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Figures provided to the Otago Daily Times show the district recorded a 6.5% increase in the value of building consents between the 2012 and 2013 calendar years.
But a far bigger gain, according to the Queenstown Lakes District Council figures, was in the value of new houses, units and cribs - up 18.8% from $179,410,936 in 2012, to 213,118,636 in 2013.
In that sector, the most notable change occurred in the Wakatipu and Wanaka areas.
The value of new residential building in Wanaka went up 29% (from $64,424,502 to $83,238,566), and Wakatipu 38% (from $58,116,741 to $80,381,716).
The total value of all building consents in the district rose by 19% in Wanaka and 16% in the Wakatipu region, but dropped 20% in Queenstown and 2.5% in Arrowtown.
Wanaka Placemakers spokesman Tim Davis was yesterday cautiously optimistic the signs of a recovery in the building industry would continue.
''We've definitely noticed an upturn but it's coming off what was a very low base. It's difficult to predict where it will go to.''
Placemakers had increased its staff by one in the past six months - to 21 - after cutbacks during the global financial crisis.
''We are beginning the slow process of increasing numbers again, but off a very low base.
''We're nowhere near back to those heady days of 2008.''
Mr Davis said it was too early to predict the likely trend in 2014, with one large permit able to distort figures dramatically.
''The trend looks good, but it's still early days.''
He found it ''extremely encouraging'' to read building work on the 112ha Three Parks commercial and residential development on the edge of the Wanaka township was expected to start in 2015.
And next Monday, a two-week hearing begins into an application to create a special zone for a proposed 1600-section subdivision on 222ha along Wanaka's northern boundary.
The same trend was evident in Dunedin, where the number of building consents issued - and their combined value - had both risen.
The total number of consents issued was up just 0.84%, from 2499 in 2012 to 2520 in 2013, mostly for residential work, council building consents team leader Robert Ramsay said.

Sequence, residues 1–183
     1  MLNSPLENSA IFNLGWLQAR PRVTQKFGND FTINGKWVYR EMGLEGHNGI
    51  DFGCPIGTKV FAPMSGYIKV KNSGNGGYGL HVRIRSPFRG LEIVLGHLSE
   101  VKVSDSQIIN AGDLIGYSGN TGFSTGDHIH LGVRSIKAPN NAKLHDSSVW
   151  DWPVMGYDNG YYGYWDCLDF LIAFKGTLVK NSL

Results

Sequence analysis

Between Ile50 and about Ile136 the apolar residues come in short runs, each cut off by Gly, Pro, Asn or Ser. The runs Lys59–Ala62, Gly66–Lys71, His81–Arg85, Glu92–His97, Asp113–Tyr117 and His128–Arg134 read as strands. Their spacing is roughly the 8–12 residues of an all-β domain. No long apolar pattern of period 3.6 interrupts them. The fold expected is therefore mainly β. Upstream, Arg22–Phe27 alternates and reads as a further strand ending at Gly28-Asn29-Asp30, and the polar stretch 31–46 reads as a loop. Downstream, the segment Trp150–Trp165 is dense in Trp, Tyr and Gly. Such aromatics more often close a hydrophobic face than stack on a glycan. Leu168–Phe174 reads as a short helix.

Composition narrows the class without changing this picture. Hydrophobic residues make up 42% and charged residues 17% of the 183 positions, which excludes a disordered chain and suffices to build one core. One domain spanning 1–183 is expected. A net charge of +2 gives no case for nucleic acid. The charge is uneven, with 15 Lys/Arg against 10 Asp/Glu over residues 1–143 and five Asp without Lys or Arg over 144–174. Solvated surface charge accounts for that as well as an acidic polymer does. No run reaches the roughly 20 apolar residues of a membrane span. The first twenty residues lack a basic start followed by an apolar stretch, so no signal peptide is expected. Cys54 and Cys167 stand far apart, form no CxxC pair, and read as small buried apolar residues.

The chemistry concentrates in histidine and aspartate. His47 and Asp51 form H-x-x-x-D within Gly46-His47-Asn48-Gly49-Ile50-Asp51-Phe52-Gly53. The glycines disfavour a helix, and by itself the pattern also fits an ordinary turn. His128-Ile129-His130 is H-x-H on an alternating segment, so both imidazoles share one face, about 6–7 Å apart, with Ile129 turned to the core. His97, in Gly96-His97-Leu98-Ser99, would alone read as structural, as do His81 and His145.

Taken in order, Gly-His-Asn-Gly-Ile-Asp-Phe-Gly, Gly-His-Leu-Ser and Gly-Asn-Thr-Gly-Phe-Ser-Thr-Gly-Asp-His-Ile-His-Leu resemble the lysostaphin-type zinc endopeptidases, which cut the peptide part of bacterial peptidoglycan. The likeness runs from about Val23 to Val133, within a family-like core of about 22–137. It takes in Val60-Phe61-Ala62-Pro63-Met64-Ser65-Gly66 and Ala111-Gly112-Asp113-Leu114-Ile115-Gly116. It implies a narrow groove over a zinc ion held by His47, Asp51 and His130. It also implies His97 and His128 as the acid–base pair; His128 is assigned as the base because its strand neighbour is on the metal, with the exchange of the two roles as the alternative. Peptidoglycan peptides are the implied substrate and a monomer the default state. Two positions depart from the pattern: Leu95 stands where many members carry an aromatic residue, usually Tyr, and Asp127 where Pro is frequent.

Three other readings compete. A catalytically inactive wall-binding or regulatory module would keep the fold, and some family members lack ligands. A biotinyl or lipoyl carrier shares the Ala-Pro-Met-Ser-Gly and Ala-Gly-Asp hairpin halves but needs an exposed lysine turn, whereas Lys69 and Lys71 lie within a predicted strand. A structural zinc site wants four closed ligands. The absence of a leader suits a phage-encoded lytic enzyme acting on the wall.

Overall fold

However, the value of the consents issued was up 11%, from about $198 million in 2012 to $219.9 million last year, he said.
Stonewood Homes Central Otago director Mark Harry said sales were up 30%-35% on a year ago.
His company was getting new business from Auckland. He believed people there were selling while the value of their homes was high, retiring early and moving south.
His business was building about 40 houses a year in Wanaka and Cromwell, Mr Harry said.
He noted the new Highlands Motor Sport Park had boosted house building in Cromwell - particularly among motorsport fans, some of whom had a large disposable income to spend on a holiday home.
''I know that a lot of houses that were for sale got snapped up pretty much as soon as that park was finished.''
He believed the region was in for ''quite a big boom''.
Building consents in the Waitaki district fell by more than 70 in 2013, compared with the previous year, but Waitaki District Council regulatory services manager Lichelle Guyan said although volumes were down on 2012, the average value of those consents had increased in 2013.
In 2013, 577 building consents, worth a total of $47,288 876, were approved, with an average value of $81,956.
In 2012, 655 consents were approved, worth a total of $52,460,645, with an average value of $80,093.
In Clutha, building consents dropped from 532 in 2012 to 472 in 2013.
However, the overall value had risen nearly $3.8 million, from $31,011,769 in 2012 to $34,780,740 last year.